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The Sand Tray


Guest Sezbina
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Guest Sezbina

Has anyone got any unusual ideas for working with sand? We have all the usual equipment but are lacking inspiration at the moment.

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Hi Sezbina

Welcome to the FSF site and thank you for posting.

What do you mean by the usual equipment, buckets, spades etc? We have both a wet and a dry sand tray. We use the dry for small world play sometimes so any of the small stuff goes in, dinosaurs, farm and zoo animals etc. We sometimes put them in the wet sand too. We have a small tea set that we put in the dry sand with a little cooker along side. Last term I coloured cheap bags of rice with food colouring-a few drops goes a long way! Just put the rice in a bowl add a few drops of colour, mix it round and there it is! I did all the colours of the rainbow and put them into the dry sand tray in the correct order, it looked wonderful. It didn't stay like that for long!! The children loved it. We put all sorts of stuff in with it, small world play, Chinese dishes, spoons and a wok.

We play games in the wet sand such as hiding a number of animals and the children have to find them. That is a favourite with our children.

The list is endless. If I think of any more I wil put them on for you but I'm sure there will be lots of ideas from other people.

Linda

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My children always seem to enjoy making the dry sand wet!

They particularly like it when there's so much water the sand is wet and sludgey and there's a good puddle on the top!

 

Although the surplus water can be drained off, it can take ages for the sand to dry out enough not to be like mud and it can SMELL if you don't keep it aired as it dries.

 

you can make patterns in sand of course. I have trays of sand for letter formation and handwriting patterns.

and some children just love running it through their fingers!

 

Susan

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Not tried this one myself but a friend of mine gives them pop socks and spades, in wet sand. She said that once they filled one with half the sand-and they thought it was hilarious!!! She said it was enormous and impossible to pick up. We're going to have a go next week!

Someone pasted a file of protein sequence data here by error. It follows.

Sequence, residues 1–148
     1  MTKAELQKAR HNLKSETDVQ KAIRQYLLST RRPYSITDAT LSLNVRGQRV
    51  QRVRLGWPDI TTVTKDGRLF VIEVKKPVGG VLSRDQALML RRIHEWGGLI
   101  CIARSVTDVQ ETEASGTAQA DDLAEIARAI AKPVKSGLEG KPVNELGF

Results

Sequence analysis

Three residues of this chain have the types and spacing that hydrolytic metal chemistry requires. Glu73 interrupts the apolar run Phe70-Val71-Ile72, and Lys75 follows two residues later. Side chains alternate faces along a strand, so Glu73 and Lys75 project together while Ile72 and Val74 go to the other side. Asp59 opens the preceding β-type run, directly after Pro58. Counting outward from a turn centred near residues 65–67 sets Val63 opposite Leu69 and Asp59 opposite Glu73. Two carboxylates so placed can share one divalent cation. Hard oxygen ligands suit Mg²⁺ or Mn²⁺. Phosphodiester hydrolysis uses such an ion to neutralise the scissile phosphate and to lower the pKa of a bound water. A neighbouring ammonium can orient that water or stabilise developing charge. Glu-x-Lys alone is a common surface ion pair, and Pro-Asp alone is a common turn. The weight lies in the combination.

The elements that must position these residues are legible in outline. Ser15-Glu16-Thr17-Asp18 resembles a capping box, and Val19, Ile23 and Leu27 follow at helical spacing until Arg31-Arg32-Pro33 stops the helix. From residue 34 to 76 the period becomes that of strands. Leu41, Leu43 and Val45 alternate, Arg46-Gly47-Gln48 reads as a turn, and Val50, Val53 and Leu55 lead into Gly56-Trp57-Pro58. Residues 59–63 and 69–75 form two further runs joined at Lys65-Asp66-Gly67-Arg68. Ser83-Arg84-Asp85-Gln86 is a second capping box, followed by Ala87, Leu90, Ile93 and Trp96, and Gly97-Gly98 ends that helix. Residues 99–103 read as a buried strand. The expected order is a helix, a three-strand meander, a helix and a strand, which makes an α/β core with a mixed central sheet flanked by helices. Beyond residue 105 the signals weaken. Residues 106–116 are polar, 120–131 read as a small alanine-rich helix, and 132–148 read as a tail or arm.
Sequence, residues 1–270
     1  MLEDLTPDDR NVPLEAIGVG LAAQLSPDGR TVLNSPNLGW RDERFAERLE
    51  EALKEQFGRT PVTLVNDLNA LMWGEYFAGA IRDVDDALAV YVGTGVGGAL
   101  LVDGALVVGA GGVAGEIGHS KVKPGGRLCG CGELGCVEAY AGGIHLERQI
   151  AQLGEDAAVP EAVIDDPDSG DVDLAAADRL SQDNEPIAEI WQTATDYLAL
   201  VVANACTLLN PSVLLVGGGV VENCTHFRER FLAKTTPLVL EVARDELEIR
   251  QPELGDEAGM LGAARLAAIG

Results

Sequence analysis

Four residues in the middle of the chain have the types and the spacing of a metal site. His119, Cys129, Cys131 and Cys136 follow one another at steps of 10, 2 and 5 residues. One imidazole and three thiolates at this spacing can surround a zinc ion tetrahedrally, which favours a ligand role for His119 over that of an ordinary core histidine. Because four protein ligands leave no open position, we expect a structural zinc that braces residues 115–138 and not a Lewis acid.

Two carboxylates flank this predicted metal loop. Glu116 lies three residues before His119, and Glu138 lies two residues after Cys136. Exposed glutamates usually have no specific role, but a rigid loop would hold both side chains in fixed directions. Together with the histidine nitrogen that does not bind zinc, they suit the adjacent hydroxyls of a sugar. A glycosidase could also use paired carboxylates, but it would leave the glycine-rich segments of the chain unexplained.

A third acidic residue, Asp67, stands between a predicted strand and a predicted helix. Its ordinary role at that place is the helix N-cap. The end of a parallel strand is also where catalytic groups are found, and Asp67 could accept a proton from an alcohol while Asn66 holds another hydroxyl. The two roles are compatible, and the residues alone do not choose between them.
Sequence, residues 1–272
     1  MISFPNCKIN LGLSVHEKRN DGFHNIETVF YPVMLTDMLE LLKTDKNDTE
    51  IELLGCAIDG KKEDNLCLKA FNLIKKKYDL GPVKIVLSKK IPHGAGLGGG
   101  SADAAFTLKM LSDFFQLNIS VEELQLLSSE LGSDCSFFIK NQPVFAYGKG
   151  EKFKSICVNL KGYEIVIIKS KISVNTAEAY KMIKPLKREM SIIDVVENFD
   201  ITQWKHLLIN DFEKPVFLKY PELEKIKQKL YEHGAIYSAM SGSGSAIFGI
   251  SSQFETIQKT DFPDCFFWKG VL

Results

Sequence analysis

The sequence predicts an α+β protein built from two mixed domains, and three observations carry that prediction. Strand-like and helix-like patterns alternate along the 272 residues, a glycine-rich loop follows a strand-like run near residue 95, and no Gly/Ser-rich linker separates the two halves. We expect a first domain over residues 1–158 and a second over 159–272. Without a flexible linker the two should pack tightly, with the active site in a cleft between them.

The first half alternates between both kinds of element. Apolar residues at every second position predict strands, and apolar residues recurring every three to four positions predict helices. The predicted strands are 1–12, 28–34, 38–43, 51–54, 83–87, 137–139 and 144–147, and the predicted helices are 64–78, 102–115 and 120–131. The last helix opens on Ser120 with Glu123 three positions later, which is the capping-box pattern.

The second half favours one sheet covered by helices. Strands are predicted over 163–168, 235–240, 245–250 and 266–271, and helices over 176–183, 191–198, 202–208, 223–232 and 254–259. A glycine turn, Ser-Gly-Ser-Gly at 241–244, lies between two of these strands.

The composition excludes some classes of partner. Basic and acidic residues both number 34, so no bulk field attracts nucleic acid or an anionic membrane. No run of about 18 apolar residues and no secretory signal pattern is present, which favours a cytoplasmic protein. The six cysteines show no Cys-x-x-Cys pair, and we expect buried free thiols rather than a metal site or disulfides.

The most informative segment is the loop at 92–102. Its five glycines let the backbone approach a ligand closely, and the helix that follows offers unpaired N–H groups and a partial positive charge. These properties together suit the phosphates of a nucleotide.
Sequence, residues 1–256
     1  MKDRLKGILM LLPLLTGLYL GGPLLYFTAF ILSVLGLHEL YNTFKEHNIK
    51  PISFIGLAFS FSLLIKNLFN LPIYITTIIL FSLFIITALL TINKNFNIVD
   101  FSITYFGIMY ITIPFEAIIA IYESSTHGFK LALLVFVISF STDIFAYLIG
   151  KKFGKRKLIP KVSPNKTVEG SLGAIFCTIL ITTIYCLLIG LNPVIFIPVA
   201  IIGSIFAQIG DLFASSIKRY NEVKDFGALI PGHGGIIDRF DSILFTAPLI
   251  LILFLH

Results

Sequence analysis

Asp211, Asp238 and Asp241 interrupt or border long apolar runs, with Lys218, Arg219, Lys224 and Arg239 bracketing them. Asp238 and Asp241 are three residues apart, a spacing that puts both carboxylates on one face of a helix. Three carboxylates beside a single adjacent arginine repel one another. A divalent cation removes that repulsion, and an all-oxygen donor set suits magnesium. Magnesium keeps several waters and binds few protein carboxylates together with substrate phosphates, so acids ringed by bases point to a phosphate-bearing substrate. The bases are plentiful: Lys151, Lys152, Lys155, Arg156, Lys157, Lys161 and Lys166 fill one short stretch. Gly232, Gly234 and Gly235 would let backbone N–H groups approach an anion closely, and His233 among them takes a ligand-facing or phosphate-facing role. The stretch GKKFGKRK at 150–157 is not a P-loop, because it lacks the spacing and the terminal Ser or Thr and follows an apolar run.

We also give them different sized containers and digging implements. So we give them everything from normal spades to tiny measuring spoons, quarter teaspoon size.

Linda

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You really must give that a go Linda, the children will love it.

 

We have done it before, but not with pop socks, we used normal socks.

 

We put different sized socks ( babies - childrens - adult ones), into the sand tray with spades and spoons. It was wonderful to watch the children, they were amazed at how much the sock grew.

 

We have also used some of our water equipment in the sand, the children particularly like using the water wheel with the sand.

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Good idea to use different socks Catherine. That means I don't have to go out and buy pop socks!!!! No seriously, it will be good for comparisons. Thanks for that.

Linda

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I had a good chuckle at the socks! Will definitely give it a go. Sieves are also great. We put in some buttons or other small object and let them find treasure! We are about to create Bobs building site! :o Chris

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Guest bevbenyon

Wow! Some really useful tips for enhancing sand play. Have you tried adding things like glitter / sequins etc to wet or dry sand? We use our sand tray asa good base for adding natural materials ie acorns, conkers, pebbles etc. Also the children love the addition of small wooden bricks....the sand (if wet) provides a good foundation for their building work! Adding food essence to sand is also a good stimulus and really gets the children talking and using all their senses (pepperminit essence is quite strong and works well

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  • 1 month later...

My favourite is t add junk boxes to the sand, kitchen roll tubes, egg boxes and cereal packets, yoghurt pots the list is endless, you can also add string and bottle tops and other bits and pieces. The children really enjoy filing up the boxes. You do have to check the junk and change as it gets tatty quickly. But at least junk is free ! :)